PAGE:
There are reasons Manhattan does not have an outdoor stadium in its midst. It occupies a small and intensely crowded island. And mighty arenas already surround it in New York City's outer boroughs - the hometown baseball teams, the Yankees and the Mets, have fields in the Bronx and in Queens.
There are reasons why Manhattan does not have an outdoor stadium. It occupies a small and crowded island. And mighty arenas already surround it in New York City's outer boroughs the home baseball teams, the Yankees and the Mets, have fields in the Bronx and in Queens.
But there is a obsession in the US with abandoning perfectly decent sporting venues and building new ones. Chicago, Philadelphia and Detroit have all done it recently. New York doesn't want to be left out. And something has been rankling with the city for years its American football franchise, the New York Jets, currently has its home across the Hudson river in New Jersey.
And so today in what some critics describe as urban madness the city is expected to unveil plans for a $1.4bn (£760m) super-stadium for the Jetsin Manhattan, never mind the inevitable traffic congestion.
This is no humble scheme. The plan to be outlined today by the Mayor, Michael Bloomberg calls for a 75,000-seat stadium with a retractable roof on the far west side of Manhattan above 30th Street. The stadium will sit atop what is now a massive railyard, adjacent to the Jacob Javits Convention Centre. It promises to be one of New York's most ambitious redevelopment projects, second only to the $12bn rebuilding effort in lower Manhattan where the twin towers once stood.
The closing roof means that, outside football season, the stadium will be available for conventions spilling over from the Javits, which itself will be doubled in size as part of the plan. Also envisaged is a cluster of high-rise office towers trailing down 11th Avenue from the stadium as well as extensions to the New York subway system.
The neighbourhood, admittedly, is bleak today. But why the hurry, some people are asking, in determining that a stadium is the best way to revive it? Economic studies have shown that sporting stadiums rarely bring long-term benefit to urban areas. There is a clear explanation for the rush to build the Jets its field of dreams. It is called the Olympics.
At the end of May, the Olympic Committee is set to start sifting through the nine candidates to stage the Summer Games in 2012. New York and London are among the group. The proposed stadium is the centrepiece of New York's Olympic proposal, slated to serve as the main venue. Thus, it desperately needs to have a deal for its construction tied up within the next two months. Otherwise its Olympic dreams will founder.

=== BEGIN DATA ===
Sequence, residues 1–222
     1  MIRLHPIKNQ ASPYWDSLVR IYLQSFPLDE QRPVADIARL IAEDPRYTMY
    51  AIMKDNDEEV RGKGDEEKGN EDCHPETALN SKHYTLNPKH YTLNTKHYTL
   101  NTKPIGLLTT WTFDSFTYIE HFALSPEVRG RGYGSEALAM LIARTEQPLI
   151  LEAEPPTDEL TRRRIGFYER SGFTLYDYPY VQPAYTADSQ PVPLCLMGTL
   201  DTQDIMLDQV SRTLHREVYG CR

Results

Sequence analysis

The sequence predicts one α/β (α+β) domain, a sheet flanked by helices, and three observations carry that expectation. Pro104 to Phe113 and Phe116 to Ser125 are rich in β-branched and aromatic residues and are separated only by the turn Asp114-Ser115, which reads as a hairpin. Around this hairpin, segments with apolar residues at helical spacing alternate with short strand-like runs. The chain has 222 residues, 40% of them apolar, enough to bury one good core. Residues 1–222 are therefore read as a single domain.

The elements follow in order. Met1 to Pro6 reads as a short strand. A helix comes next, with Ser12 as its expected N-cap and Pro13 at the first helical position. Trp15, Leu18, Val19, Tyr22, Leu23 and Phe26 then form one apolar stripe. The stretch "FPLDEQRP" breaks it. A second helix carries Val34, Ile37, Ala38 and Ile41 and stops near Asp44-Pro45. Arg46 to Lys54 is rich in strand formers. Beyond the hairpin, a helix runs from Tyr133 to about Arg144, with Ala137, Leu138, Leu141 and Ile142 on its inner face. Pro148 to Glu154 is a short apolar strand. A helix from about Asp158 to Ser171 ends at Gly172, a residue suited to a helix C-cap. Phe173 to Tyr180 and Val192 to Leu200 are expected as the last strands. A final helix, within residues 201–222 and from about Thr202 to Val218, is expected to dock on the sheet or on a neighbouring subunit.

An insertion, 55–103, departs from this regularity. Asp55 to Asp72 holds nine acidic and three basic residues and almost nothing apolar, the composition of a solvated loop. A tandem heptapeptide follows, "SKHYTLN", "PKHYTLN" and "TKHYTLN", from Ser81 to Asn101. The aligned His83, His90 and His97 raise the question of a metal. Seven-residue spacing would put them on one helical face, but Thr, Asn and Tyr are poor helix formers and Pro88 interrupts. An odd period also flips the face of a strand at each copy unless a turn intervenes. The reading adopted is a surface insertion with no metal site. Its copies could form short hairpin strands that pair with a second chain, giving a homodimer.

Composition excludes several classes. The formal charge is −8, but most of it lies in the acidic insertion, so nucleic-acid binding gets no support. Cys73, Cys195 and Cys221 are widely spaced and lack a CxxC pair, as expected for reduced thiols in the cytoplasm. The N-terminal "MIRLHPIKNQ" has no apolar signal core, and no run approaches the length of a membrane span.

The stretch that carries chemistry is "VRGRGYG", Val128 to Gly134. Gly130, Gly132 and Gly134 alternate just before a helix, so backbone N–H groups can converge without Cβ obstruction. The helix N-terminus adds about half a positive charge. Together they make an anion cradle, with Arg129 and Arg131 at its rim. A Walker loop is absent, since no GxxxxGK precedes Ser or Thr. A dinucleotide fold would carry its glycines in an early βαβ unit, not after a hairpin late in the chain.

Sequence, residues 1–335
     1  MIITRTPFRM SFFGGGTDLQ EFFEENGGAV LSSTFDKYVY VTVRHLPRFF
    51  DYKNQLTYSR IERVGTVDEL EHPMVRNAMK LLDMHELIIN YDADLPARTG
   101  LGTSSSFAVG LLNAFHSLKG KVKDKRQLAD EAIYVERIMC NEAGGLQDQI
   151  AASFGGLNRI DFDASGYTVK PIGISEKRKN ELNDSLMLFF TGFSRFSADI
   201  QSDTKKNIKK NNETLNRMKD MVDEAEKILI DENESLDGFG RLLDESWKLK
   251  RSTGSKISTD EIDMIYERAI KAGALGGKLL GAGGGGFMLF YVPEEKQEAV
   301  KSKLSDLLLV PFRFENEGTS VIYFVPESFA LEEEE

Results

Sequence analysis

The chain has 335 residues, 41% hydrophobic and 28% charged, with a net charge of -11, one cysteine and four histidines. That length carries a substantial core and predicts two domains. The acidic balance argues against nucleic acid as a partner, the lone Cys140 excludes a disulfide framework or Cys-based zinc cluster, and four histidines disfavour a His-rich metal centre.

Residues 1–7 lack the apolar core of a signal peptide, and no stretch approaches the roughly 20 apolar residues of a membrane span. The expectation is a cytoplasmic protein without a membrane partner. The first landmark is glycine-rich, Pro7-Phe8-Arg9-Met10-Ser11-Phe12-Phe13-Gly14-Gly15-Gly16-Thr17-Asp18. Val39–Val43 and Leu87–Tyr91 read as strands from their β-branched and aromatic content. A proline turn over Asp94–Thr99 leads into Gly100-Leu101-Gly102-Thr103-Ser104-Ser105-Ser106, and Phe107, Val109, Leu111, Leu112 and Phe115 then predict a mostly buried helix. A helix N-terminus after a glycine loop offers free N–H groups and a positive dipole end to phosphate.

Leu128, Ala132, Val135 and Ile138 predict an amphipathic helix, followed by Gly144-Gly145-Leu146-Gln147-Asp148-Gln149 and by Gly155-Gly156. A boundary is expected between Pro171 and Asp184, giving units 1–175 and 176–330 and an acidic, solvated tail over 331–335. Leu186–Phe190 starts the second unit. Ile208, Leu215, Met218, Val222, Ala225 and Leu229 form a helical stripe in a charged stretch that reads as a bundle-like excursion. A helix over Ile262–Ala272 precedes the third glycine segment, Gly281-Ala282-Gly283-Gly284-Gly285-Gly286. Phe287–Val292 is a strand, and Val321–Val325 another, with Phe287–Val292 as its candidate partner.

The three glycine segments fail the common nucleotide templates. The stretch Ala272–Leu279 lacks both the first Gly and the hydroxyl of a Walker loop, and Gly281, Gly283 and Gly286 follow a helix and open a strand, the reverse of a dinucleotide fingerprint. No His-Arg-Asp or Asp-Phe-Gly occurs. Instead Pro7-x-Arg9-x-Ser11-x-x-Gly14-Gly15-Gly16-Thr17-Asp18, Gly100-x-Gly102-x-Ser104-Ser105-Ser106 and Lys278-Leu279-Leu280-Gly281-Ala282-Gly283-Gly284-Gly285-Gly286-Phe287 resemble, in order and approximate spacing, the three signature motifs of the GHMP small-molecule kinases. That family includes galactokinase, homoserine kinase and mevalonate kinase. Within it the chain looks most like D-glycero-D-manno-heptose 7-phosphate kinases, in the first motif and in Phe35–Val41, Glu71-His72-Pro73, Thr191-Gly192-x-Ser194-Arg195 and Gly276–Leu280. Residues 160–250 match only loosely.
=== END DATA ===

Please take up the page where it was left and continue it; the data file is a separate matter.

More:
But how to pay for all this? The Jets are set to contribute $800m for the stadium a record amount by any American franchise. The city and the state will try to raise $300m each, mostly through bonds. Meanwhile, a new hotel tax will be imposed on tourists and business visitors to raise an additional $500m.
Opponents of the plan fear displacement of tenants to make way for the construction. And political leaders in Queens are set to campaign to have the stadium built in their, far less crowded, borough instead.
"What's a football game without a tailgate party?" asks a flyer from one group opposing the stadium. The answer, of course, is: "A New York Jets game at the West Side Stadium." In American football, it is part of the ritual on game day to set up the barbecue grill behind your car to make hot dogs and drink beers. You can't do that on 11th Avenue.
The city and the Jets reply that people have tailgate parties because there is nothing else in the suburbs where most stadiums are located. In Manhattan, there are bars and restaurants. The city insists that the new stadium and the expansion of the convention centre would bring in an extra $75m in tax revenues annually.
David Oates, who is leading the effort to take the Jets to Queens, foresees disaster. "Their current plan for a stadium on the west side is going to bring down the Olympic bid," he growled. "How are they going to deal with all the congestion?"
Several prominent New York politicians similarly dislike the stadium blueprint. "All the research indicates that sports stadiums are not a significant stimulus to the local economy," said Adriano Espaillat, a member of the New York legislature whose district is in Manhattan. "I think it'll be a traffic nightmare for everyone."
The Broadway owners are concerned that the stadium would dominate Times Square and discourage tourists.
Gerald Schoenfeld, chairman of the Schubert Organisation, which owns several Broadway theatres, said: "We should not be rushing to decide its fate."
However, the Jets and Mr Bloomberg have won over the most important forces in the city. Leaders of major unions rallied behind the project last week, citing the number of jobs that it would create.
Last week David Weprin, chairman of the finance committee on the city council endorsed the stadium, calling it "great for the city".Reuse content